subconscious musings

As I slowly woke, I felt the warmth of my child’s weight against my upper arm. Her sleeping breath deep against the earliest moments of dawn. I began to turn, but her body felt too comforting to move away. When had she come into my room? My door was still closed. She never closes the door. Odd. Wait. She’s at her dad’s. I was beginning to wake fully. The dog had begun barking madly at midnight. Her dad brought her over? Did I not remember that? Why would he have done that? Now I was wide awake and confused beyond reason. Heart racing. I looked over my nest of pillows, but no child. Heartbeat slowed as I recognized it had been a lucid dream and she was surely safe at her dad’s place. Did she dream of sleeping in my bed? Were we subconsciously together?


“The strangest thing happened. I think I am hearing things,” my girlfriend said as we had brunch. “I was in the back room and heard a Rolling Stones song, but there was no music playing. I checked all my devices and everything was off.”

“Do you think it could have been a neighbor?,” I asked.

“No, I went outside and silence.”

“Perhaps it was just a strong aural memory?”

“I don’t know, but I felt crazy for a moment.”


Often I’ll think of someone, pick up my phone a few minutes later and see they’ve texted me. When I was a kid, I would pick up the landline phone to call a favorite aunt or my grandmother, but the person was already on the line. I’ve dreamt about people I haven’t seen in months and the next day had a chance encounter with that person.

I do not know what to make of such occurrences, but feel there is much beyond what we comprehend in terms of memory, intuition, karma or coincidence, and subconscious connections. We are sharing a planet with physical ecosystems, intertwined on levels, we barely comprehend. How can we begin to comprehend the internal ecosystems of our subconscious? We live through layers of noise, fear, and strange occurrences explained away by reason, but what is that world filled with connections that sit beside and within us? A world that is ours, but connected in moments of silence we have so successfully filled with distraction. A world shrouded by reality, but completely visible to our inner world. An inner world we have been taught to avoid for its brightness and clarity would overshadow the deeds of the physical.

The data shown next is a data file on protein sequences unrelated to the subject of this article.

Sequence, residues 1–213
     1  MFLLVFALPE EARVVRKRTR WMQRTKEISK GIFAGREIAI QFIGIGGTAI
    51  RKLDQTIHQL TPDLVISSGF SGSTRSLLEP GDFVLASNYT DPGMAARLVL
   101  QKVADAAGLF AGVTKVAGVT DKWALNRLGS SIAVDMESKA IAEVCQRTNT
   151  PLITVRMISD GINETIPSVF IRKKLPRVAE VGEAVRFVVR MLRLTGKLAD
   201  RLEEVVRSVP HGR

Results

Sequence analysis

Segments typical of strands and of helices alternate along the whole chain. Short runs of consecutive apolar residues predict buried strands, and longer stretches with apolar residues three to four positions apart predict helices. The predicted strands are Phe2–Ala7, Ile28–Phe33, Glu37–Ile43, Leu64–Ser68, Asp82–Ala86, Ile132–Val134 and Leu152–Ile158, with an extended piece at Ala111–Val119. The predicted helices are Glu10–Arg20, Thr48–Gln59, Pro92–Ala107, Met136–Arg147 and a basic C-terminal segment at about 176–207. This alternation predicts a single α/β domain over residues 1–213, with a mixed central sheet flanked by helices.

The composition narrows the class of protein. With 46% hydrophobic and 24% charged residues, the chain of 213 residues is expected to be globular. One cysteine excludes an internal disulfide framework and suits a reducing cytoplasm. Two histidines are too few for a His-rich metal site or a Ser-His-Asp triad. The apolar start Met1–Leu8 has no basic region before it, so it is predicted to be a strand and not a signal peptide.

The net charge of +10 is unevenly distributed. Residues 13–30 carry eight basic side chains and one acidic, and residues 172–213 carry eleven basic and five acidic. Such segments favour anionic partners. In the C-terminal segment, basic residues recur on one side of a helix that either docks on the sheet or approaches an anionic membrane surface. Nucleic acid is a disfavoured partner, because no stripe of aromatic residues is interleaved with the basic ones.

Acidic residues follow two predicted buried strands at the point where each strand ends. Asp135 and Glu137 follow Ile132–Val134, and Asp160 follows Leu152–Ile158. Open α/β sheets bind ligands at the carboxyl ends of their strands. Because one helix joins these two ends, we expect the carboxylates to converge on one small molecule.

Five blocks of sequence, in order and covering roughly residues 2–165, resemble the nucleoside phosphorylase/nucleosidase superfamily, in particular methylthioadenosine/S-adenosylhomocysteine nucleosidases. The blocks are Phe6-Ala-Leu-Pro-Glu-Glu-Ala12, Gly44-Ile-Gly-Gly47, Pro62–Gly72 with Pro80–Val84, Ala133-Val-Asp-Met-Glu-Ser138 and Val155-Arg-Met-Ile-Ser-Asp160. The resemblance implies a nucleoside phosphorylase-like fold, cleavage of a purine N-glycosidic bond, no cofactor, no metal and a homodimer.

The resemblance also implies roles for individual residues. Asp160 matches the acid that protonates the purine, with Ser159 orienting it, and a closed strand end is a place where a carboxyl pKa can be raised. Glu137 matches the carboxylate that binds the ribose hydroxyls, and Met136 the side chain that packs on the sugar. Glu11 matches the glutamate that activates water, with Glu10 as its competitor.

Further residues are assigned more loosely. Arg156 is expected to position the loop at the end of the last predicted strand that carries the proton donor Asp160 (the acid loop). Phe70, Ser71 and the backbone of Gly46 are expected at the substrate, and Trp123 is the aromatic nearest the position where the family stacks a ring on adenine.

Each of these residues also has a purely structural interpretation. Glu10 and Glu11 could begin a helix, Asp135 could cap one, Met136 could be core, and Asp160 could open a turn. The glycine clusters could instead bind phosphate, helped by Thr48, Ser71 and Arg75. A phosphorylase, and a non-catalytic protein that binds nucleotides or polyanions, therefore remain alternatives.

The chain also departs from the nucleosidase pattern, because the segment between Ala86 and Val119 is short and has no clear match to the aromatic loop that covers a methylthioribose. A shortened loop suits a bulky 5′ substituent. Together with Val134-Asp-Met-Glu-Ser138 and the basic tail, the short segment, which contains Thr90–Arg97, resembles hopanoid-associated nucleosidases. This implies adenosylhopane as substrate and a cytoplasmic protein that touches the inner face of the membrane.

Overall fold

art by tangmaelon


What! Why did you stop breastfeeding?

Moms are some of the loudest and most aggressive members of Camp My Opinion Is Best. Folks who haven’t had kids are often louder. While I was nursing my baby, I heard it all. When I mentioned I might wean at six months, I had mothers tell me I would be taking something away from my child (yes, in fact, my boobs). Later, I was told I should have weaned earlier because extended nursing would make her clingy (only til she’s a teenager!). Some said I was selfish for considering not weaning naturally (removing the boob clearly equates hiring a full-time nanny and checking out of my child’s life). Others said my kid wouldn’t thrive if breastfeeding didn’t end naturally (healthy children TOTALLY dive bomb toward malnutrition if supplemental nursing is ended). Before my child was born, I had plans to nurse for six months because that’s about when she would get teeth and no way in hell was I going to let her suck on my boob when she could chew food. Everyone has opinions on how to live your life, including younger you. I am here to say, “Fuck. That. Noise.”

After I gave birth all the parenting wisdom and plans I had preached were humbly destroyed by reality and experience. As six months barreled down the line I came close to a full breakdown over not wanting to wean my baby. I was so stressed over the change in my perspective that my supply rapidly decreased. I read everything I could about increasing supply. I ate fenugreek, nearly waterboarded myself with fluids, and may have tried living off oatmeal cookies, but my milk continued to decrease. In desperation, I called my best girlfriend’s mother who had nursed three babies and has been a NICU nurse for years.

With a firm, gentleness that comes only from years of talking people through stressful situations, she said, “You’ve given your child six months of breastfeeding. You’ve shared all the antibodies and nutrition and so much bonding. No one does it right or wrong. This is your journey. You have done well. Just hold your child close and be there for her. She will eat when she’s hungry. Your milk or something else. Your love is what she needs.” I cried. Within days, my milk was back.